An article in the most recent issue of The Economist highlights concerns facing the incorporation-services industry and discusses potential regulatory changes some states may soon enact. Unlike many countries, in the United States, company incorporation is regulated by the states. In California, the Secretary of State’s office is the responsible agency. There is no federal registry, and thus requirements vary. As a general rule (and one potential cause for concern), the only requirements to incorporate a new entity are a unique business name, a registered agent’s contact information, and an incorporator. There is no need to provide any sort of financial data such as past earnings or bank account statements. There are some legitimate reasons for this simple, minimal process. States obviously have an incentive in creating a business-friendly environment (although in practice, this often doesn’t seem to be the case), and an easy, efficient incorporation process should result in higher job creation and tax revenue. Also, there are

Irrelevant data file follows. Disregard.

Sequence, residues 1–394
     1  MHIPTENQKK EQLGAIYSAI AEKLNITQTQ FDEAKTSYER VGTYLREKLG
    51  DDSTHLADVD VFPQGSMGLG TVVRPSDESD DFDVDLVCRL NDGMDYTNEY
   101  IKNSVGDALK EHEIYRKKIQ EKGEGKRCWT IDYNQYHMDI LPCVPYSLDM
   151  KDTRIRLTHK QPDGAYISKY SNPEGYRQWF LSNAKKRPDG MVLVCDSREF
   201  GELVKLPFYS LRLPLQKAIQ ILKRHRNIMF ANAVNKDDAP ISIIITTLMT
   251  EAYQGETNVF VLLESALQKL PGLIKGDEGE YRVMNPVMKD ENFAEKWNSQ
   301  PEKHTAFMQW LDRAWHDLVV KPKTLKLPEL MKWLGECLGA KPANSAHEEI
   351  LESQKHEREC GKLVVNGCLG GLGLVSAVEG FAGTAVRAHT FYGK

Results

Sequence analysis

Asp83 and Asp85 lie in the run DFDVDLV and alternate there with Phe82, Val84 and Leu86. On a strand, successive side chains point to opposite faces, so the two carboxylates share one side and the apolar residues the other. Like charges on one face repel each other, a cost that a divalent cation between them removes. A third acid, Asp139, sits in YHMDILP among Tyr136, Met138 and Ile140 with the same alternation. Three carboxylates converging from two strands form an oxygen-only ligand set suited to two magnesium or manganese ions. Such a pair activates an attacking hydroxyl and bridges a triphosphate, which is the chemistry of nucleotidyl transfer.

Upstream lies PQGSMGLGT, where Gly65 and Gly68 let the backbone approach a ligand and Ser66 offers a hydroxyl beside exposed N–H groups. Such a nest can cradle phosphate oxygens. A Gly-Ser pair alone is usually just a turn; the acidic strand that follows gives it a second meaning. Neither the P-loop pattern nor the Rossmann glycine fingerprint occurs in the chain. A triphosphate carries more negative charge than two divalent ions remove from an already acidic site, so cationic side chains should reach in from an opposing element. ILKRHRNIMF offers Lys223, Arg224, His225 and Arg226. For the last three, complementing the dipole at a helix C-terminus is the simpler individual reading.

good reasons why a “shell” entity might be useful, such as to park assets during complex merger negotiations. The downside is that it can be difficult or perhaps impossible to determine who, or what entity, is behind the corporate name. This increases the potential for fraud, and can make damages recovery difficult. In general, there are few requirements for either the agent or the incorporator. The agent need only have an address within the state (which also serves as the corporation’s initial contact address), and the incorporator need only be an adult resident of that state. The agent and incorporator can even be the same person. Some states are considering imposing a legal duty upon registered agents to report “suspicious activity” from their corporate clients, while others may require would-be corporations to provide some sort of financial data, such as the location of bank accounts. There are also efforts to limit incorporation agents to those pre-approved by the state (which itself creates new worries, such as a possible cartel situation and questions regarding licensing standards). Whatever new regulations this industry might face, corporate clients should conduct basic due diligence as far as registered agent selection (as an aside, Simas & Associates, Ltd. serves many clients in this capacity). Also, get an early start. The current wait-time in California is a whopping 39 business days (not surprisingly, this process can be expedited by paying an equally whopping $350 convenience fee).